Duct tape is pretty amazing stuff because its versatile and easy to use. That being said, sometimes, that versatility and ease-of-use means it gets used at times when maybe it shouldn’t.
This thought came to mind a couple of weeks ago at VMworld. Over the course of the show, I had a number of conversations with folks about tunneling and overlay network. For many (mostly non-networking) folks, it seemed like the best thing since sliced bread—it gave them the holy grail—flexible, agile, one-demand connectivity without having to talk to the network folks.
From a networking perspective, its kinda funny, since the concept of tunnels is a decades old technology. It’s always played a legitimate role in a comprehensive networking strategy (MPLS and IPsec VPNs for example) so its cool to see an old concept find new applications.
However, lest we be lulled into blissful slumber by the unicorns playing lilting melodies through their horns, its good to remember, as with pretty much everything in IT, there is no free lunch. While overlays networks make life simpler for the server admin or the virtualization admin, there are a couple of things to bear in mind.
From an operational perspective, the overlay environment becomes a second network that needs to be managed—often a dumber, less instrumented network. Somewhere, someone still needs to maintain a fully functioning, highly available, secure, properly traffic-engineered network that underpins that virtualized connectivity. Think of this as the difference between your checkbook and your checking account—just because you can write a check doesn’t mean there is money in the account to cover it.
Now, if you are not a networking dude or dudette, your first reaction may be “why do I care?” Well, when you start seeing performance issues on your tunnel, you start to see intermittent drops on your tunnel, or you need to demonstrate auditable regulatory compliance, then you start to care. While some folks propose that the underlying network becomes irrelevant once you start using overlays, the truth is that the strengths and weaknesses (performance, availability, security, manageability, etc.) of the underlying physical network are going to manifest themselves in in whatever rides on top. While overlay technology is undeniably useful, having an approach that leverages the intelligence of the underlying infrastructure (assuming any exists) is going to pay off in the long run.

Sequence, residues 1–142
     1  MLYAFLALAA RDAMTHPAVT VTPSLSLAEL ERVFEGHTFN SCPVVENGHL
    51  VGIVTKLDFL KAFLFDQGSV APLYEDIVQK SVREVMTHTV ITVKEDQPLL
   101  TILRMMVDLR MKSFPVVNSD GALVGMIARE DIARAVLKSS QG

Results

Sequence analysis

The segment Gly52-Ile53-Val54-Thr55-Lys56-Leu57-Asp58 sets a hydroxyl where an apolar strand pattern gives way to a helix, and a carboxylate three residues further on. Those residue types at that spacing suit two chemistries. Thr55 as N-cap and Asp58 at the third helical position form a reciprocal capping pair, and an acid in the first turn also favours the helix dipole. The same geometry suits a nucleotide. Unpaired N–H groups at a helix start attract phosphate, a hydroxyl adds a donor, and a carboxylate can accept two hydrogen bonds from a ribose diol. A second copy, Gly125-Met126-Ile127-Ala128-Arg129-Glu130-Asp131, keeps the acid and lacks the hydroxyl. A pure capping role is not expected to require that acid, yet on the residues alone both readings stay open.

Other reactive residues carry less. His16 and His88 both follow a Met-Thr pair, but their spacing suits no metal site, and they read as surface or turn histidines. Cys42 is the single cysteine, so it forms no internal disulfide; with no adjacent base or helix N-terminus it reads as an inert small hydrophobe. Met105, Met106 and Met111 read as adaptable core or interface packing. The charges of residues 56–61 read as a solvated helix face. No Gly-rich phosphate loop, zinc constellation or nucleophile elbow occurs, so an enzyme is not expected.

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Tags: Cisco ONE, data center, Duct Tape, networking, SDN, virtualization
This morning the winner of our first weekly raffle was picked amongst the 200 correct answers! This lucky and smart participant will receive very soon a congratulations e-mail and in a few days his/her Apple iPad!
The race for the grand prize is definitely on! But don’t worry !
If you didn’t participate this week , you can still win points in answering the bonus questions before the end of the week-end ! How ? very simple
Check right away www.Facebook.com/ciscodc for the Unified data center IQ tab – This set of questions are worth 30 points – A great way to catch up if you missed this first week or to boost your Unified IQ if you are already in the race .
Now you may want to know what are the results for the first set of questions
The questions were related to our September 19th low latency data center switch announcement – At this time , we launched a new technology called Algo Boost and a ultra low latency Nexus 3548 , breaking the barriers of 200 nanoseconds !
 What is Cisco’s Algo Boost?
A new Cisco ASIC, with unprecedented speed, performance and visibility
Check the blog announcement
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Tags: Cisco, Cisco ONE, data center, SDN, Unified Data Center
[See Also: Follow-Up Q&A on Freemium Pricing Model]
[Update 11/26/12: the free Nexus 1000V virtual switch is available for download from here.]
Following on the heels of the announcement of our Nexus 1000V 2.1 release last month, Cisco is today announcing a new pricing and packaging strategy for its flagship virtual switch portfolio. Starting with that new 2.1 release, which is now in beta, we will have two editions of the Nexus 1000V, an Essential Edition and an Advanced Edition. The Nexus 1000V Essential Edition will be available for free, plus a nominal annual support fee, in a move that we believe will encourage customers and our partners to proliferate what has already become the most popular virtual switch in the industry with over 6,000 customers to date.